The Manhattan Contrarian just noted that “global spending to fight climate change by environmental groups and other nonprofits reached $8 billion in 2021, most of it in the United States and Canada, according to a survey released in September by the Indiana University Lilly Family School of Philanthropy.” That’s billion with a ‘b’. So much for deniers having all the money (And yes, please do send some if you haven’t already.) And what has $8 billion per year bought? Bubkis, apparently, also with a b. MC also noted that “the supposed green energy transition – widely hyped and massively subsidized for two decades – has suddenly started to crumble on multiple fronts. We are rapidly approaching the green energy wall.” As noted above the New York Times “Climate Forward” whimpers that “It’s no secret that fossil fuels are still going strong.” And here in Canada the Financial Post reports that a frustrated Canadian Environment Commissioner just put out a report saying we’re going to miss our 2030 emissions targets “largely due to delays in rolling out key measures such as an oil and gas emissions cap”. Maybe if the alarmists could just get another billion or so they could turn this thing around.
As noted, there is an implosion on all fronts. Heatmap Daily concedes that “the EV pickup market is faltering, and automakers are having trouble moving full-size, all-electric trucks off dealer lots.” Joining the chorus of admissions, Scientific American admits that “Electric Vehicles Might Not Yet Have Replaced as Much Car Mileage as Hoped”. Yeah. Yet. But more subsidies could do the trick, this time for sure.
Yet the true believers keep sounding the charge. Grist, for instance, reports that “As offshore wind stumbles, Biden moves to speed up solar and geothermal in the West”. They’ll be down to peat at some point soon.
Also the Globe & Mail touts a new outfit “Carbon Removal Canada” that was just launched by the “climate charity Clean Prosperity Foundation” promising “that the industry could create more than 300,000 Canadian jobs and $143-billion in GDP by 2050.” Or not. The news advocacy piece immediately adds that “the report, provided in advance to The Globe and Mail, also suggests that an extraordinarily quick scaleup would be required to meet that potential.” The whole thing does sound a bit like unresisting imbecility. As the Globe also says:
“Among those barriers are a cost per tonne of removed carbon that is currently too high to be economical absent government subsidies, and a lack of existing systems to verify that projects meet their promises. The latter is especially important if removal projects are to generate credits traded on carbon markets, which is their likeliest revenue source.”
And as we noted recently, analysis by Bjorn Lomborg and economics Nobel prize winner William Nordhaus suggest that the true “social cost of carbon” is so low that even far less speculative ventures are not cost-effective.
And at the moment other climate-related green technologies aren’t exactly showing the extraordinarily quick scaleups we were promised, are they? But in any case it falls foul of Henry Hazlitt’s “broken window” fallacy: Even if more than 300,000 people can earn a living toiling to remove carbon from the air and bury it somewhere or make it into macramé, if paid enough to do so, it’s still a deadweight loss to the economy because absent the climate scare, we’d get the same energy we’ll get anyway by 2050 without the expenditure of one cent of this $143 billion to stop its “carbon pollution”.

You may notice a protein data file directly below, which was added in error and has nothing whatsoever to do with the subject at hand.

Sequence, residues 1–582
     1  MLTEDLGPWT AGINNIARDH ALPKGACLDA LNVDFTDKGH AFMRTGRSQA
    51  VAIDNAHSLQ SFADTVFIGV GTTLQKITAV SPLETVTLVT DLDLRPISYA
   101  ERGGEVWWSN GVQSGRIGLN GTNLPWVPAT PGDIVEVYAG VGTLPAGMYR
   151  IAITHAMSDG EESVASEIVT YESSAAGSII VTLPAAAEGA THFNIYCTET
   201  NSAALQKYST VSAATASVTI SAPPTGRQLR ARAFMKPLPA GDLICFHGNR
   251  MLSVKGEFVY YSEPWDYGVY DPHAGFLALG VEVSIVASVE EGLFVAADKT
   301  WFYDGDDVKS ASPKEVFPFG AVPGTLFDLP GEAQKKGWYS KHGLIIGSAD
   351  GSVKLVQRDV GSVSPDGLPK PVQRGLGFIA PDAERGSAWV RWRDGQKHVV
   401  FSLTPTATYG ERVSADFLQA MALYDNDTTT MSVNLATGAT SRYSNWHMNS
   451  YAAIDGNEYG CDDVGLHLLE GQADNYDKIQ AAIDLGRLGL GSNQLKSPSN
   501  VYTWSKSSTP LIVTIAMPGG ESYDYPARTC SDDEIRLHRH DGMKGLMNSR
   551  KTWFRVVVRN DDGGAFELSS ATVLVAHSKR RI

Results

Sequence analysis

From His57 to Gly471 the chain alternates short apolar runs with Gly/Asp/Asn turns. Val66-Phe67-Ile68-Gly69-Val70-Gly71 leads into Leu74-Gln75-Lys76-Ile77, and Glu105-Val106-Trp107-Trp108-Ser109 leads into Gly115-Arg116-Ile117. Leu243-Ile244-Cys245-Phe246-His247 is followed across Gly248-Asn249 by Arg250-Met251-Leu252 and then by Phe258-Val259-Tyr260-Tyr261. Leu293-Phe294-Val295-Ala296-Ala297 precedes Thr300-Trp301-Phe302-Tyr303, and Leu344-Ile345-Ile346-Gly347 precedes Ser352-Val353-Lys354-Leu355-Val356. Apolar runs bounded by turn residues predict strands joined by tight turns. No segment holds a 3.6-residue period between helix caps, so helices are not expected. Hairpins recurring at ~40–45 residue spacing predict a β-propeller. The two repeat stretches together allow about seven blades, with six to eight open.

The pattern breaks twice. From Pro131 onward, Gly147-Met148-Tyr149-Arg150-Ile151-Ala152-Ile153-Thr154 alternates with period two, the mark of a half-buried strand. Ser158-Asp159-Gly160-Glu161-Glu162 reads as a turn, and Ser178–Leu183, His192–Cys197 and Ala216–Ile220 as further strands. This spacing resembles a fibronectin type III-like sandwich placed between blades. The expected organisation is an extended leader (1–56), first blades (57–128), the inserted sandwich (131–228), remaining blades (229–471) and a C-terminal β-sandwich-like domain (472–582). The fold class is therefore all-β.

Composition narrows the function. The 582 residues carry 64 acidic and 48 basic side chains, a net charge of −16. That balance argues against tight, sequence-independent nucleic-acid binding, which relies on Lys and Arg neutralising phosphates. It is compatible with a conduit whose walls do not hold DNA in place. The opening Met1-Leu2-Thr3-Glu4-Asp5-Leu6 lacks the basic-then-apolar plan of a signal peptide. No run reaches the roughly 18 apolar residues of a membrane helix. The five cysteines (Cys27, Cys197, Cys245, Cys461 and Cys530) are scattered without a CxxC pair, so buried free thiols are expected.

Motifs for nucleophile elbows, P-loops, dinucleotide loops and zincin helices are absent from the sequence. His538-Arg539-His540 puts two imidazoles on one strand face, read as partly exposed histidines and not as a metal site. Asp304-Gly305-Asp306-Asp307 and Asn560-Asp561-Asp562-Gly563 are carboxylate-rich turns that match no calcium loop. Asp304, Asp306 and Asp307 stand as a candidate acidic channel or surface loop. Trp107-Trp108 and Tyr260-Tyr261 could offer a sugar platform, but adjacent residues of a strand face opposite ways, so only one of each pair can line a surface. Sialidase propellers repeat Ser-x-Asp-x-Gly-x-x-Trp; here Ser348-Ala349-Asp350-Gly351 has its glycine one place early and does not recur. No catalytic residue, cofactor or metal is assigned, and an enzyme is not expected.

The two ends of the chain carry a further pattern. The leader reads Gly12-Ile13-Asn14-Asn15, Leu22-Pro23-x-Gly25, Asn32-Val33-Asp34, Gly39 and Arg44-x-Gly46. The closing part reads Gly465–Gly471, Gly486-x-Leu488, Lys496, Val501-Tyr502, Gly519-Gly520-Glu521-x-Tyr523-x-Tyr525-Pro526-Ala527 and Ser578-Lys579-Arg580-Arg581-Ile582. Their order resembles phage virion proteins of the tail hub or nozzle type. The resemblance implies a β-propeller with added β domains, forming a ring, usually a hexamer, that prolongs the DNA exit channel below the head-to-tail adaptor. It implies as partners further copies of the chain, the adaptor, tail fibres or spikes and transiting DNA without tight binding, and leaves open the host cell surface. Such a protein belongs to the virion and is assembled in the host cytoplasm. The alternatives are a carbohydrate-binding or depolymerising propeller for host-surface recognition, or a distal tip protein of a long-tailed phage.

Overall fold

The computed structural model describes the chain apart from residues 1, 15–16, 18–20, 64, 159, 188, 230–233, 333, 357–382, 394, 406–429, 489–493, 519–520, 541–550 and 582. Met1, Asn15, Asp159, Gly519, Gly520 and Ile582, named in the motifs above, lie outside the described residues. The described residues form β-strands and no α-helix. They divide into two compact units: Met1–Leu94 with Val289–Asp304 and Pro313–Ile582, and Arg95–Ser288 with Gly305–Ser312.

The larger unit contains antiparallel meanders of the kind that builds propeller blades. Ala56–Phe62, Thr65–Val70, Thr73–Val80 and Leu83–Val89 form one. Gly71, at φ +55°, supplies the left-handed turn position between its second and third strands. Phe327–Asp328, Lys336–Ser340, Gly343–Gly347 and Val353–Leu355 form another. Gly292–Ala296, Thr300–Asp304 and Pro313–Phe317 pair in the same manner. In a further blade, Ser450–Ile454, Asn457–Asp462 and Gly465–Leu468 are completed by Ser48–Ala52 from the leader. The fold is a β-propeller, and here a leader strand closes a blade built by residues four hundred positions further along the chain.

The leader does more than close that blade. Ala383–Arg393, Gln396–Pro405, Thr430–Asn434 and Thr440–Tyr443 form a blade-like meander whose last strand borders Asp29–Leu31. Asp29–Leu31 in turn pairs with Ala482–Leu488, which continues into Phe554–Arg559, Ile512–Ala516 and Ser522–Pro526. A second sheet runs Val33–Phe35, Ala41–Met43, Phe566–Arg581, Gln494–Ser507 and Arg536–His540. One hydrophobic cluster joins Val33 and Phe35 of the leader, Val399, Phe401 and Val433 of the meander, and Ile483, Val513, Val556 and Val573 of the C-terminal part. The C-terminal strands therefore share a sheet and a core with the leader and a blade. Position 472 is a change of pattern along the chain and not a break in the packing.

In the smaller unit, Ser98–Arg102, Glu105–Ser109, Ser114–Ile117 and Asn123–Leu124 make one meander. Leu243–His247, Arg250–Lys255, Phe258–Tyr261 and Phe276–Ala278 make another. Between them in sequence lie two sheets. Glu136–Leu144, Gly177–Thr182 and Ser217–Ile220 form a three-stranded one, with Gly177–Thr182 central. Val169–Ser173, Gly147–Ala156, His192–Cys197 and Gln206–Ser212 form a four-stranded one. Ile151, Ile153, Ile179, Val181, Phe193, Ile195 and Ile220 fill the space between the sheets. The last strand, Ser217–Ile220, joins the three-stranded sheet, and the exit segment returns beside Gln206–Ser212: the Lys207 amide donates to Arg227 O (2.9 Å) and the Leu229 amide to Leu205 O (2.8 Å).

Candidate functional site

In some ways the collapse of the alarmist project offers amusement as well as Schadenfreude. For instance climate change really does seem to be Justin Trudeau’s signature issue. The fact that his “key measures” wouldn’t work even if they trashed our economy should also get some credit, along with the vital point that one reason they wouldn’t is that while we do have some idea how to destroy the existing energy system the promised replacement is sputtering so feebly we don’t have any plausible “key measures” that we could implement if we weren’t also flunking deliverology.
As a matter of fact, as Lorrie Goldstein recently noted, the only time Canadian GHG emissions actually drop is “during major recessions”. Which the government only causes by accident and might well bungle if they attempted to do it on purpose. So at some point you really do have to step back and ask whether you’re missing something massive about how the economy and the ecosystem work.
Or you could duck the hard work, and the humility, and retreat into fantasy instead. So environmental activist turned minister Steven Guilbeault reacted to the Environment Commissioner’s report by saying Canadians must do more.
Canadians? Don’t look at us. You’re the minister. Isn’t it your policies you said were so totally great that so totally failed? Uh um yes well. As Guilbeault also said:
“We need to do more. We need to do it faster and that’s exactly what our government is doing.”
Gibberish. If you’re already doing more faster, you don’t need to, and if you’re not already doing it, then continuing to do whatever silly thing you are doing is useless or worse unless you hallucinated the whole crisis. There really seems to be a kind of mental paralysis, a freezing in the presence of headlights.